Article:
Note the stripes on the head and gray throat.
Adults have black and white stripes on their head, a grey face, brown streaked upper parts and a long tail. The wings are brown with bars and the underparts are grey. Their bill is pink or yellow. They are similar in appearance to the White-throated Sparrow but do not have the white throat markings.
Their breeding habitat is brushy areas across northern Canada and the western United States. They nest either low in bushes or on the ground under shrubs.
In some parts of the west, they are permanent residents. Northern birds migrate to the southern United States. White-crowned Sparrow is a very rare vagrant to western Europe.
These birds forage on the ground or in low vegetation, but sometimes make short flights to catch flying insects. They mainly eat seeds, other plant parts and insects. In winter, they often forage in flocks.
The call is a mournful Old Sam Peabody Peabody Peabody. (This is the white-throat song.)
The call of the white-crowned sparrow has many dialects, but the pugetensis subspecies sounds similar to "You can't come and come and catch me!"
Photo © Dave Appleton
Note the stripes on the head and white throat.
It is a North American species, breeding in central Canada and New England. It nests either on the ground under shrubs or low in trees in deciduous or mixed forest areas. In winter, it migrates to the southern USA. This bird is a rare vagrant to western Europe.
The rufous wings and white throat make this an easy species to identify. Some birds have a tan supercilium and browner head than the more common white-striped form.
These birds forage on the ground under or near thickets or in low vegetation. They mainly eat seeds, insects and berries.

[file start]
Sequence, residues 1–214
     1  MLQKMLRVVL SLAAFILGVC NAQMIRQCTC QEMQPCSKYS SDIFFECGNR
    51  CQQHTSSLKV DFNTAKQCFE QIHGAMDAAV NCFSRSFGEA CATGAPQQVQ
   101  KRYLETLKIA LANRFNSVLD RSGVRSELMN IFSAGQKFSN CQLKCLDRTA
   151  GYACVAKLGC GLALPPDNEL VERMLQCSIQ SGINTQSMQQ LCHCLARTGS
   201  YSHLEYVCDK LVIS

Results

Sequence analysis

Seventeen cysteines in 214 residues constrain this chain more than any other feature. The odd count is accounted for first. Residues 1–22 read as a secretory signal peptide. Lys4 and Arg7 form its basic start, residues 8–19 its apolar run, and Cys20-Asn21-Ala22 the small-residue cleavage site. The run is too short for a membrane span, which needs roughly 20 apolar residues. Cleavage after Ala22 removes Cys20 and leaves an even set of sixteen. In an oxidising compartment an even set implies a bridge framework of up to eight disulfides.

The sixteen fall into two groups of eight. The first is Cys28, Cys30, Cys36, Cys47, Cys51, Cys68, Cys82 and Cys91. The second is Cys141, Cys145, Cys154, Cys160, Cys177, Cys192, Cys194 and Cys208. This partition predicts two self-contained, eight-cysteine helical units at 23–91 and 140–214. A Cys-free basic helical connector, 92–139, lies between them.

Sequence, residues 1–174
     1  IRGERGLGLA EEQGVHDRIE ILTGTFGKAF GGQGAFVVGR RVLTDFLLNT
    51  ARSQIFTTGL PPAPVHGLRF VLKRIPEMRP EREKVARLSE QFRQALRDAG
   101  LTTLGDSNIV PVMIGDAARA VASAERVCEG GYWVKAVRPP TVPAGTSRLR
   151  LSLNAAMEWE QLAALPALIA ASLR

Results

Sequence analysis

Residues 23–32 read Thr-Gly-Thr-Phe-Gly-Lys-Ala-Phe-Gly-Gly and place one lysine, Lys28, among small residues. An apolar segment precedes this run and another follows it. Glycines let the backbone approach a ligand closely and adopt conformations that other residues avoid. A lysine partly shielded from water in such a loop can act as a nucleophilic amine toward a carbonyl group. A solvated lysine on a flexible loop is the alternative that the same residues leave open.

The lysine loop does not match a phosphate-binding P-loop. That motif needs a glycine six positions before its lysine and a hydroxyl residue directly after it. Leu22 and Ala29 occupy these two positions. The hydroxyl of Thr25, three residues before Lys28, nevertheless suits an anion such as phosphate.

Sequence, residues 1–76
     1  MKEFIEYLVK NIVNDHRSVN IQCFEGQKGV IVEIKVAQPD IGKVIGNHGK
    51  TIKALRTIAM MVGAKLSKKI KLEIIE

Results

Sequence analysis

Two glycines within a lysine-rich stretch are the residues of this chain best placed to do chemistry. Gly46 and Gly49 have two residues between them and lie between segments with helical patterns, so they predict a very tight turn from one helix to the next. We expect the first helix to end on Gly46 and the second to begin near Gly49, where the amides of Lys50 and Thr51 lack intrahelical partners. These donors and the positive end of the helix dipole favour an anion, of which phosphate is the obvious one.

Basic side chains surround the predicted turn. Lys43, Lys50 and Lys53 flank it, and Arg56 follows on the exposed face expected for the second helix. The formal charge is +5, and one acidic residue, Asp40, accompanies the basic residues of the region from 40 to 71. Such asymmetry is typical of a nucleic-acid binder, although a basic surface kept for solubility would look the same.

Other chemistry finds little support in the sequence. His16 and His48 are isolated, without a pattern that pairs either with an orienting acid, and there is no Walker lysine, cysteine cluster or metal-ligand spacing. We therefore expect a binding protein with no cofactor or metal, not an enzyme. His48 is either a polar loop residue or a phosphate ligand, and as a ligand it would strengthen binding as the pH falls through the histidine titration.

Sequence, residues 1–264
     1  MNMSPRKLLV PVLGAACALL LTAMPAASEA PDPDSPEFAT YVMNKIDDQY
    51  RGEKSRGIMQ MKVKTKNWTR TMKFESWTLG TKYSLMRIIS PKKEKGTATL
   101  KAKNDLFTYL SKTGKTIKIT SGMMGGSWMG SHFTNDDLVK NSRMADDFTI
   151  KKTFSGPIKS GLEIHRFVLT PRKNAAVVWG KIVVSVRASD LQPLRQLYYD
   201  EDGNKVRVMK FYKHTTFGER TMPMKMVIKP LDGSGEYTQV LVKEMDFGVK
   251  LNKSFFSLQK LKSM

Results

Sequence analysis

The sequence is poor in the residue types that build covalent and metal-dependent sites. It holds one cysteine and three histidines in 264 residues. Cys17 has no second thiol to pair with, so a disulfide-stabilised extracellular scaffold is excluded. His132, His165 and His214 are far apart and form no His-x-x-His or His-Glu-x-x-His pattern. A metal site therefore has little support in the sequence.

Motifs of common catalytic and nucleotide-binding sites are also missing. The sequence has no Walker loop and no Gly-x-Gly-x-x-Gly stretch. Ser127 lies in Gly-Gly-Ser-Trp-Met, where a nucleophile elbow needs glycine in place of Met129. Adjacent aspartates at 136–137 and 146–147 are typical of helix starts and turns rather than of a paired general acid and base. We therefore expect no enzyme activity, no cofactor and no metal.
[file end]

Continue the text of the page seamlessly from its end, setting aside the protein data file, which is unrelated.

Its song is a high monotone whistle with the cadence of oh sweet Canada, Canada, Canada.
Photo © Andy Pay
Note the dark bold streaks on the breast.
Adults have brown upperparts with dark streaks on the back and are white underneath with dark streaking and a dark brown spot in the middle of the breast. They have a brown cap and a long brown tail. Their face is grey with a streak through the eye. There are regional variations in this bird's appearance across its range.
Their breeding habitat is brushy areas and marshes, including salt marshes, across most of Canada and the United States. They nest either in a sheltered location on the ground or in trees or shrubs.
In southern locations, they are permanent residents. Northern birds migrate to the southern United States or northern Mexico.
Song Sparrow is a very rare vagrant to western Europe, with a few recorded in Great Britain and Norway.
These birds forage on the ground, in shrubs or in very shallow water. They mainly eat insects and seeds. Birds in salt marshes may also eat crustaceans.
This bird uses its melodious and fairly complex song to declare ownership of its territory and to attract females. It is fairly common throughout its range.
Photo © Kanae Hirabayashi